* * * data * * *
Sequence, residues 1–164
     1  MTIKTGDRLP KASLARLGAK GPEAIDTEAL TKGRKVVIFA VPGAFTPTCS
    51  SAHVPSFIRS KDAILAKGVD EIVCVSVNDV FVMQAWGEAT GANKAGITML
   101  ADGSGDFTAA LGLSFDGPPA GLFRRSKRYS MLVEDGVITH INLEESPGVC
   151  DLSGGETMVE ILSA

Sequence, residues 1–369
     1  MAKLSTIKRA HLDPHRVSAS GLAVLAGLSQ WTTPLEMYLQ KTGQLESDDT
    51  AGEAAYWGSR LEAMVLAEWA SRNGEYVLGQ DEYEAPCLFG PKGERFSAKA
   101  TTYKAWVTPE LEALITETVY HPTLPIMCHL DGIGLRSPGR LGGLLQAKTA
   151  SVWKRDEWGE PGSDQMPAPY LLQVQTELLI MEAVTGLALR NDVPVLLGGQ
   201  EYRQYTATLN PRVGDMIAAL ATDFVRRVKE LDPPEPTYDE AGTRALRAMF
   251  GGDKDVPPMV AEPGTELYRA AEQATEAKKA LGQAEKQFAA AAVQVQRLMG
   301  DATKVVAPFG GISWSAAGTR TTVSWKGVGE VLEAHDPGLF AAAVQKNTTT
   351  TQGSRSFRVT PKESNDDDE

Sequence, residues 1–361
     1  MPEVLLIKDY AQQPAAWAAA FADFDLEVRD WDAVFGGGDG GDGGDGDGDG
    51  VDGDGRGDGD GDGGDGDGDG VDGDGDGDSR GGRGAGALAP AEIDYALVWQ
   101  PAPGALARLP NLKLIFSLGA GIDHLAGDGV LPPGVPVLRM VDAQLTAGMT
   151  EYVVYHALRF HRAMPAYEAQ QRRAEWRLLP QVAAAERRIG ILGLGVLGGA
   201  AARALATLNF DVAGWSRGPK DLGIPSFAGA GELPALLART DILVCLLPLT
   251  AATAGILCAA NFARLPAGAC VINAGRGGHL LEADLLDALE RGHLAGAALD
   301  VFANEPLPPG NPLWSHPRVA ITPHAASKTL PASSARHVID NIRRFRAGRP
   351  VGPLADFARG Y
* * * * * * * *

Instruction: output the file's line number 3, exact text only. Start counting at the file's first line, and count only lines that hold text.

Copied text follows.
    51  SAHVPSFIRS KDAILAKGVD EIVCVSVNDV FVMQAWGEAT GANKAGITML